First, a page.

Child Care Updates

Recent Community Care Licensing Child Care Updates:

Spring 2013 Issue (PDF)

Licensing Requirements: Locks VS Inaccessibility

Regulations require that storage areas for poisons shall be locked. A lock is defined as: A key or combination-operated mechanism used to fasten shut a door, lid, or the like (products advertised as child proof devices and safety latches are not considered locks unless they are key or combination-operated). For purposes of the locking requirement, poison is defined to include only the most lethal substances, most often those designed specifically for killing, such as bug spray, rat poison, weed killer, etc. Read more.

For more information and updates, visit the Child Care Licensing website.

New Crib Standards 2012

PROVIDER ALERT: New Guidelines on Crib Standards

Beginning December 28, 2012, any crib provided by child care centers and family child care homes must meet new and improved federal safety standards. The new standards apply to all full-size and non-full-size cribs both wood and metal.

For a detailed flyer from the U.S. Consumer Product Safety Commission, go to

Crib Rule Summary for Child Care Facilities

Covered by the crib rule:

  • Child care facility and family child care home (as defined below)
  • Public residential facility
  • Church owned or operated child care that provides child care services for a fee or that pays a person (or persons) to care for children

Not covered by the crib rule:

  • In-home care in the child’s own home or care provided by the child’s relative
  • Foster home care provided for child 24/7 that is a private residence
  • Child care arrangement in which volunteers provide care, e.g., during church service

The new federal requirements apply to cribs made available for use in child care facilities and family child care homes.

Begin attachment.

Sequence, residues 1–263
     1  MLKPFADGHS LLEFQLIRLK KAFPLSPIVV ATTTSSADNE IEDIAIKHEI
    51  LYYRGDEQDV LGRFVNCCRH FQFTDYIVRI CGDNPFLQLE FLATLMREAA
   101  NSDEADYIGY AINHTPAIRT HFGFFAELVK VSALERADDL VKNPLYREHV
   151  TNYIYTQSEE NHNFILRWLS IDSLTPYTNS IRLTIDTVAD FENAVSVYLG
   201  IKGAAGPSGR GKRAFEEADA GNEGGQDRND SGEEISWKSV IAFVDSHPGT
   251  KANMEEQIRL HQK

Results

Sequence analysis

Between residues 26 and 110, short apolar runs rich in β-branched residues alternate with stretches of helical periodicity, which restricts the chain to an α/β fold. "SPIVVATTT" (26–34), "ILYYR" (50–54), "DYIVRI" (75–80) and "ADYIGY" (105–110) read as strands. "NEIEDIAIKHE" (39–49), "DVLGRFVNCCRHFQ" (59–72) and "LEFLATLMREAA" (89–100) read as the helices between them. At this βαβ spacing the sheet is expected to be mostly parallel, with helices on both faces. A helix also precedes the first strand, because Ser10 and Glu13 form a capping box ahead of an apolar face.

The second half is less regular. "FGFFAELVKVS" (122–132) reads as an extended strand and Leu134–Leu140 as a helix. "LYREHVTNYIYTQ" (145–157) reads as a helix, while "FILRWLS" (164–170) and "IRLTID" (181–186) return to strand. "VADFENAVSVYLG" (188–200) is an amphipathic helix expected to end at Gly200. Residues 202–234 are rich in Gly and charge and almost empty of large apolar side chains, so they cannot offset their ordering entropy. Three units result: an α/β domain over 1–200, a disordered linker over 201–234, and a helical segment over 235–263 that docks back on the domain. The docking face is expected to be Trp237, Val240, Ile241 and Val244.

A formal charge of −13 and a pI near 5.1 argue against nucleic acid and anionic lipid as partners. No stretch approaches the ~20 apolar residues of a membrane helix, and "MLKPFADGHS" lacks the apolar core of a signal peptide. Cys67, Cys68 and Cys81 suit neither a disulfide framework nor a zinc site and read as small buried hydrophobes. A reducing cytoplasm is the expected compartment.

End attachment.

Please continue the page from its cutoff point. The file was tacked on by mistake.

A child care facility or center provides child care services, which can include early learning opportunities, for a fee, in a nonresidential setting and are usually, although not always, licensed by the state. A child care facility or center provides care and education to any number of children in a nonresidential setting, although the term can include a facility or center operating in a residential setting, where care is provided to 13 or more children, if the facility is open on a regular basis.

A family child care home provides child care services, which can include early learning opportunities, for a fee, in a residential setting, usually in a home other than that of the child or children for whom care is provided, although the child or children of the caregiver may also attend. Family child care homes can be licensed, but the requirements for licensure vary by state. Regulations from the U.S. Department of Health and Human Services provide that the caregiver in a family child care home generally provides child care services for fewer than 24 hours per day, per child, in a residence, other than the child’s residence, unless care in excess of 24 hours is due to the nature of the parent(s)’ work.

Arrangements where a child or children are cared for in their home (“in-home care” or “care by a relative”) by a relative or a nanny are excluded from the definition of “family child care home.” These arrangements are characterized by the in-home nature of the care or the fact that the parties are related (i.e., care is provided by a grandmother or another family relation).

If a child care facility or family child care home is licensed, it is likely offering cribs for use that are covered by the new crib rule. However, just because a family child care home is not licensed in a particular state does not mean that the facility is not covered by the crib rule.

A foster care home where the child is cared for 24/7 and resides in the foster care home that is a private residence, is not a “family child care home.” A public residential facility where a child is cared for 24/7 is a “place of public accommodation,” and is covered by the crib rule.

If a church owns or operates a child care facility and pays a person or people to care for children, that child care center is covered by the CPSC’s crib rule. However, if the child care arrangement at a church involves parents (or others) volunteering to care for children during church service (and no one is paid to care for the children), this arrangement is not covered by the crib rule.

This document was developed by the CPSC staff, has not been reviewed or approved by, and may not necessarily reflect the views of, the Commission.




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